[30:41] – It can be tricky to pick up on warning signs as there aren’t necessarily any symptoms of high blood sugar with GD. Lily explains more about blood sugar in pregnancy and how it doesn’t have to be as high as we’d think to be in the GD range. There are some significant risks factors for the baby associated even with small elevations in blood sugar. [32:42] – The concept of eating for two (or in some cases three or four)! During pregnancy the nutrient needs – especially the micro-nutrients – go up and from this perspective, yes, we are eating for two. Quantity wise, the calorie needs do not double and can increase as little as 70 calories a day, and while its more for twins/triplets it’s still not double. The focus should be on eating high quality, nutrient dense foods! [36:44] – Hypertension is another issue Lily talks about in her book. She explained how one of the observed commonalities she noticed in pregnant women suffering from high blood pressure/preeclampsia is a high intake of refined carbohydrates. While she is careful to clarify that diet doesn’t necessarily cause these conditions and they can’t always be prevented, eating the right diet, rich in nutrients such as vitamin D, electrolytes, choline and glycine can help manage, improve, or in some cases even completely resolve these problems. [38:58] – Everyone seems to be afraid of salt and people are often told to avoid it. But salt is an essential nutrient in our diets and helps with so many issues. More salt actually lowers blood pressure and improves preeclampsia. Dr James DiNicolantonio talked about the salt issue in a previous episode and Lily shares some more reasons to eat more salt. [43:20] – Vegetarian or vegan diets tend to be naturally higher in carbohydrates, but the bigger issue is the imbalance of amino-acids. Glycine is needed in high amounts in the body during pregnancy for connective tissues and it is also involved in methylation reactions, and because it is only found in animal foods, women who don’t eat meat can end up deficient causing numerous issues. There are a variety of other nutrients that could be missing in a vegetarian diet that are covered in Lily’s book. She explains why she could not ethically endorse vegan diet for pregnant women, even with supplementation and shares some unfortunate case studies with us. [51:02] – We talk about how the real food diet affects the quality of the breast milk. There are certain nutrients in the breast milk that remain unchanged by the diet the mother eats. For other nutrients such as B12, B6, B1, B2, B3, A, D, K, choline, fatty acids and certain trace minerals, diet quality impact their levels in breast milk. Lily wants to encourage mothers to breastfeed and reinforces that they should not be put off breastfeeding; your milk is good enough and you can produce even higher quality milk by eating a better diet. [54:04] – Finally, we also discuss the importance of taking the time to recover and considering other stresses in life (which are all related!) going beyond food. [56:34] – For more information on Lily visit her main website pilatesnutritionist.com For anything related to her new book, Real Food for Pregnancy visit realfoodforpregnancy.com For anything related to gestational diabetes and to find out more about her new program for women diagnosed visit realfoodforgd.com You can also find her on Facebook @PilatesNutritionist, Instagram @lilynicholsrdn or Twitter @LilyNicholsRDN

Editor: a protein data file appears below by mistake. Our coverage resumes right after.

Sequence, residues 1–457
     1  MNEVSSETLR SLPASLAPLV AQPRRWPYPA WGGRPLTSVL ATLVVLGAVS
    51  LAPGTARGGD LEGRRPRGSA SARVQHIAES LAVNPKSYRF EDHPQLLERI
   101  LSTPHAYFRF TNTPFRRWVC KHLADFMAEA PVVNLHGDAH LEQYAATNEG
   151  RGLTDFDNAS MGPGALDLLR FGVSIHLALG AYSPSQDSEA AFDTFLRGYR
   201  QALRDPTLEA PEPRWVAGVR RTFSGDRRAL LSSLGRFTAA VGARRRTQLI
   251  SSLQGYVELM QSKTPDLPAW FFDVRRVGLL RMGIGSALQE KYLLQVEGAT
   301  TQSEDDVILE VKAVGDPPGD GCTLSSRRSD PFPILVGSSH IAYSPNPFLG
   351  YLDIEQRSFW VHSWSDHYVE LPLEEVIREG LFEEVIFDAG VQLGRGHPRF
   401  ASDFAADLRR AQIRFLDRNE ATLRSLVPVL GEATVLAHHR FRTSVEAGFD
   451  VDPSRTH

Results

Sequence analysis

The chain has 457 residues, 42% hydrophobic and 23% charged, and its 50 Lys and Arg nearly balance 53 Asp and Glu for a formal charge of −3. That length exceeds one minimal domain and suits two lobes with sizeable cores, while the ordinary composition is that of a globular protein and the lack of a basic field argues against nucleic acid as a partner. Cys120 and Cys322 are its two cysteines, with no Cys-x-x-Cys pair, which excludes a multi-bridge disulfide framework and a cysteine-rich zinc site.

Correct, Hana Krejci MD on the review panel came across with the book in June 2016, and led the review of evidence, with the end result as per the above new guideline. Unjustified minimum intake of CHO gone. Also Krejci (2016) a review paper out in Internal Medicine (CZ).
— Jan Vyjidak (@janvyjidak) February 4, 2018